| June 24, 2020
I never thought it would happen to me.
I wandered through Quibi’s programming selections the week it launched. A few minutes here, a few minutes there. A laugh or two. Pun titles all over, like Gayme Show and Dishmantled and Barkitecture. But nothing I felt compelled to stick with. After jumping on the app a bunch of times in the first week, it became just another app square staring from my phone.
And the app seemed dead.
But while sitting in a long Starbucks drive-thru line, wanting to distract myself somewhere outside of my home, I jumped back in. And the one show I had not watched but was intrigued by— to me, as in “why is she doing this?”—was Anna Kendrick and Dummy. The image of Kendrick and a sex doll that represented the show was off-putting. I mean, how could it be. On Quibi. The app with Chrissy Teigen as a judge, which seemed to be the natural extension of Kate McKinnon sexualizing Ruth Bader Ginsburg.
But there I sat. I turned the sound on in the car, turned the phone to widescreen, and it began.
The sexualized version of Anna Kendrick, who shows up now and again. When she grooms a hair on her (unseen) breast, you know something is different. Big handful of expired pot gummies. Her boyfriend is Donal Logue (Dan), who is about a decade too old for the relationship. Hmmm. Honest dialogue. Sweet kink.
And then, the sex doll. I won’t explain how she arrives. But she is found by Anna Kendrick’s Cody (same name as the writer/creator of the show) by calling for Cody.
So what is this? A fantasy? Michigan J. Frog? A set of universal rules that are outside of the norm? All of the above?
What follows for nearly an hour is a panini of the familiar and the unexpected. The Sex Doll, named Barbara (voiced by Meredith Hagner) becomes the comic driver of the piece. She is, even more than the characters we have already met, who love how super-honest they are, dead honest. Or at least she is as a reflection of the unspoken truths that Cody dare not speak.
Then there all the flavor crystals spread throughout. Dan is fully named Dan Harmon, who has been “involved with” the real Cody Heller for years. Ballsy. Though apparently Cody never met Dan’s sex doll. But the fact that she didn’t do sex doll research for the writing of this piece makes it all the more clear that it is about Cody and not about Barbara.
There is an episode where there is an exploration of feminism in terms of how women see themselves with men and how they see other women—or dolls—who are with men. And how dolls see women. The female in the Hollywood pool is a theme throughout, but most specific in the episode “The Bechdel Test.”
I really, really liked this piece. And that is really what it is. A short film with a beginning, middle and end. I like it so much that I don’t want a season two. It’s better than that.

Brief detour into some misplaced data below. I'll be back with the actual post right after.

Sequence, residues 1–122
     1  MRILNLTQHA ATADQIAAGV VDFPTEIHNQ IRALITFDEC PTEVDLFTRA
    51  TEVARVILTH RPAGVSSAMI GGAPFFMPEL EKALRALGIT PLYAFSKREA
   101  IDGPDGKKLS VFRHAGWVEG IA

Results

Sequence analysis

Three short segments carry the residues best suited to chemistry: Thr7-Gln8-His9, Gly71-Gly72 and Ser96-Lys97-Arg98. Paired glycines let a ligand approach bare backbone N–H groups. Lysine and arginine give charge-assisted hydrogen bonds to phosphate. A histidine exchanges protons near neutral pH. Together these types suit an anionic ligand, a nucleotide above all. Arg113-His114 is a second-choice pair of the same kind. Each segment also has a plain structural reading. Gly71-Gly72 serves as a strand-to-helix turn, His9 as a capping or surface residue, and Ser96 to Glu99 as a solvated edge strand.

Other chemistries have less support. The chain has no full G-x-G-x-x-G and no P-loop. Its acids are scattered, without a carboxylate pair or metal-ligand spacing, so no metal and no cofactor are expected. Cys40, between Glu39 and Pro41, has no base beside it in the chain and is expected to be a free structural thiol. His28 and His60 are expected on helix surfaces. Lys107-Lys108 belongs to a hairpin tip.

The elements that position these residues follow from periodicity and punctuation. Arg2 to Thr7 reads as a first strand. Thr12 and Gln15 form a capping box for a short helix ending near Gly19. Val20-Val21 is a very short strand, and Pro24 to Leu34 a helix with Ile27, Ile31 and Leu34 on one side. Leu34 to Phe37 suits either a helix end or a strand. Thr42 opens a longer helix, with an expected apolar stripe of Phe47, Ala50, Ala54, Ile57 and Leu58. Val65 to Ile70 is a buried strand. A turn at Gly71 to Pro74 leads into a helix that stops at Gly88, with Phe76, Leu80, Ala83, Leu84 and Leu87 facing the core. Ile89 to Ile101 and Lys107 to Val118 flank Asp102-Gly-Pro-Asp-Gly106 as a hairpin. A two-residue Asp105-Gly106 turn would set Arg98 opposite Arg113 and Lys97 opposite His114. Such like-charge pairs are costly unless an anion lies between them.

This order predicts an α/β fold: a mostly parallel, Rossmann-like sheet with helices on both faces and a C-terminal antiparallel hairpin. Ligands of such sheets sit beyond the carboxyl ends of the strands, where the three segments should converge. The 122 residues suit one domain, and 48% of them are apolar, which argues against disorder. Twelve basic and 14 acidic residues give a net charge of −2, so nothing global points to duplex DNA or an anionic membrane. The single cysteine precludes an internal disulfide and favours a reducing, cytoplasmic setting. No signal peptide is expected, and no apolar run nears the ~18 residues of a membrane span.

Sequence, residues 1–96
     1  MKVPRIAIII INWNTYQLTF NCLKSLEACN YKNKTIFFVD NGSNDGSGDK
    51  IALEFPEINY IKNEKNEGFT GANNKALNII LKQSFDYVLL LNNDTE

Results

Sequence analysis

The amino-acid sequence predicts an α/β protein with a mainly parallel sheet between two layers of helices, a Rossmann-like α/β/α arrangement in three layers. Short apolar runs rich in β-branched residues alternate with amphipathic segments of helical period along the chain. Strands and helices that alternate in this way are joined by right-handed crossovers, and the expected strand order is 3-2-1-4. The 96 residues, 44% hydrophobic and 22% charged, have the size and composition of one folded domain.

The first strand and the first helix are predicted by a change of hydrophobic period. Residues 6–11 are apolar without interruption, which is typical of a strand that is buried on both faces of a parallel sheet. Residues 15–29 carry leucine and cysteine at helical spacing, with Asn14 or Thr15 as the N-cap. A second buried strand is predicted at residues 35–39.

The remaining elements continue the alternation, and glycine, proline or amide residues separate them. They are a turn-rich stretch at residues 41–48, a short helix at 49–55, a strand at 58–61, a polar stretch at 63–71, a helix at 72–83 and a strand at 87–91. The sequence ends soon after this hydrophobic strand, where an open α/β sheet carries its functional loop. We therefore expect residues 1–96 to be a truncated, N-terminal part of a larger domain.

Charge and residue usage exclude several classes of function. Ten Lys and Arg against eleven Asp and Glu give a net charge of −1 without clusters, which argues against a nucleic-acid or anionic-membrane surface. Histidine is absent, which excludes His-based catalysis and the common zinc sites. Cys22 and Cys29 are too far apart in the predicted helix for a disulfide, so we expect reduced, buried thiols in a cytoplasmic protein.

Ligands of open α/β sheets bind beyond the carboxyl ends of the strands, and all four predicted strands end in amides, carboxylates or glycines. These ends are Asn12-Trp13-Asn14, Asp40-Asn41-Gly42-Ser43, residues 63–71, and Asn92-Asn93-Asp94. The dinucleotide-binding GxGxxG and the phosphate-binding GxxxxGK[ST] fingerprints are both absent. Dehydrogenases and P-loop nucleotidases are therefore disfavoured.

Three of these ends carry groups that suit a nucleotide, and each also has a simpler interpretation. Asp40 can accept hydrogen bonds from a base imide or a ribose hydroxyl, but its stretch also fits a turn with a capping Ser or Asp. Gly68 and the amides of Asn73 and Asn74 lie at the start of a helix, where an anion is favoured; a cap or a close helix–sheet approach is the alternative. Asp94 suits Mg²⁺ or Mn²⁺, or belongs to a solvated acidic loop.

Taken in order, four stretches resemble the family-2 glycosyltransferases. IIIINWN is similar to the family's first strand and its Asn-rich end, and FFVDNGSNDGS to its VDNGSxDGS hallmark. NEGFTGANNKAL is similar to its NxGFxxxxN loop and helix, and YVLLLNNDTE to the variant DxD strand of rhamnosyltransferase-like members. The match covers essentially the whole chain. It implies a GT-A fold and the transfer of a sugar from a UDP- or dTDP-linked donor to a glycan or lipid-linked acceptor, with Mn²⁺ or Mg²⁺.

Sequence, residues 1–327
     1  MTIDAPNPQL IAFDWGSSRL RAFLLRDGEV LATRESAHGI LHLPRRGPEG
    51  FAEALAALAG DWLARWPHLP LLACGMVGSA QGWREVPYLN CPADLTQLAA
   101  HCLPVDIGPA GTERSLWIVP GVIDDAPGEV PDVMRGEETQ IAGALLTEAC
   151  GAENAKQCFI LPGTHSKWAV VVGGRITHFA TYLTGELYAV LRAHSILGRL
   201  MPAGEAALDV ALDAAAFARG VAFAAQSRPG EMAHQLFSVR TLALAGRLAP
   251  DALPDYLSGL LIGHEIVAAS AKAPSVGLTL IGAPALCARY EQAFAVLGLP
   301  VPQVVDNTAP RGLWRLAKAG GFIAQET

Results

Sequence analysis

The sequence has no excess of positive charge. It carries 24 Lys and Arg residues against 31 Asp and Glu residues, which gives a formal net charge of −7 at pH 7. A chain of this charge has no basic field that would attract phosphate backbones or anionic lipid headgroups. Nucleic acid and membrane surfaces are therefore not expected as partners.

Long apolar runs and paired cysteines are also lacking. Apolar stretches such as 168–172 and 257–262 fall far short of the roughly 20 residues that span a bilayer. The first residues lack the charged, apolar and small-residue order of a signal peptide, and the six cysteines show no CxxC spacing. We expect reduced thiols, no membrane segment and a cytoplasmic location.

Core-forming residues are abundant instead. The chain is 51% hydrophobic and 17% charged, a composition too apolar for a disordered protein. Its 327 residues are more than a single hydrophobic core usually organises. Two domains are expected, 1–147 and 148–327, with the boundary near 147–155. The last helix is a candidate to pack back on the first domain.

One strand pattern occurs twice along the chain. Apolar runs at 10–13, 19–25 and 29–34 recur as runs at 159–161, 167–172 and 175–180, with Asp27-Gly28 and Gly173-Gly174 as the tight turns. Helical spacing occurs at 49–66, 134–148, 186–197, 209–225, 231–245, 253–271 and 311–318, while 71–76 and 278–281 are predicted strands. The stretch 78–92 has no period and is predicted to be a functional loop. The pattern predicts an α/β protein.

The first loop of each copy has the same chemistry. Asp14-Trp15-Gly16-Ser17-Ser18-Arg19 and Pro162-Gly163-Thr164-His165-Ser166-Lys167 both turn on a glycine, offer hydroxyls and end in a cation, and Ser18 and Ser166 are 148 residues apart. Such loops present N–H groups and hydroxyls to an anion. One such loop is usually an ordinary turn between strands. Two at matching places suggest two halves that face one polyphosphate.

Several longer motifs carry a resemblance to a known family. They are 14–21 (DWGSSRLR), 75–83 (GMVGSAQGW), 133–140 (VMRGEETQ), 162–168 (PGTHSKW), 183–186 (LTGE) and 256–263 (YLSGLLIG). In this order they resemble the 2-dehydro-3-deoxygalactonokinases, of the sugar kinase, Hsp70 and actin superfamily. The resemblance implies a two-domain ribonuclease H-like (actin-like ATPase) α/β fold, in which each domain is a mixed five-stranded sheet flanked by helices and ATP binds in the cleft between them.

If you are shy about words about human excretions, etcetera, this is not for you. It is rough and raw and right to the point (or the liquids left inside Barbara). But it’s fun and smart and remarkably serious at moments, though it doesn’t take itself seriously for a second.
They did take it seriously enough to hire Tricia Brock, who is a legitimate veteran TV director, to direct the piece.
I don’t know what category this fits in for the Emmys, but it is a worthy candidate for a nomination and maybe even for a win. Is Quibi going there? I don’t know. But it’s the only truly original, thoughtful, high-end piece I have seen on the app. Seriously… this could be an episode of Black Mirror and it would be all anyone could talk about for weeks.
Meanwhile, Ms. Kendrick is coming out in an HBO Max series (Love Life) in a few weeks that is already being positioned for Emmys. But I seriously hope this piece won’t be lost in the wake. It’s one of my favorite new things I have seen in these months of screening a lot of new stuff.
| June 24, 2020
| June 15, 2020
| June 8, 2020
Jessica Valenti: "The Harper’s letter also mentions editors being “fired for running controversial pieces” — a reference to the ouster of New York Times editorial page editor James Bennet. What the letter doesn’t mention is that Bennet lost his job for, among other things, running an op-ed section that published a senator advocating the use of military force against peaceful American protesters — a column that employees pointed out literally put Black lives in danger — and without even having read it before publication. Who signed the letter in Harper’s is just as important as what’s written in it. Ian Buruma, for example, was fired from his job at the New York Review of Books after he published an essay by Jian Ghomeshi — a Canadian radio personality who had been accused by more than twenty women of sexual assault. Buruma later defended the decision in a disastrous interview where he said, “The exact nature of his behavior — how much consent was involved — I have no idea nor is it really my concern.” New York Times opinion writer Bari Weiss, who has made a career for herself railing against “safe spaces,” was recently outed for reporting a Black editor to management just because she declined an invitation for coffee. Then of course there’s J.K. Rowling, who recently used her considerable platform to push forward bigoted ideas and debunked myths about trans women while fashioning herself a defender of women’s rights."
| July 9, 2020
"The move complicates the sale of the nation’s second largest news company, which had been under the control of the McClatchy family for 163 years until February’s bankruptcy filing."
Hedge Fund Alden Capital Sets Eye On McClatchy Bankruptcy, Intending To Add Miami Herald And Dozens Of Local Newspapers To Its Fold
July 8, 2020
| July 8, 2020
| December 13, 2019
| December 4, 2019
| December 4, 2019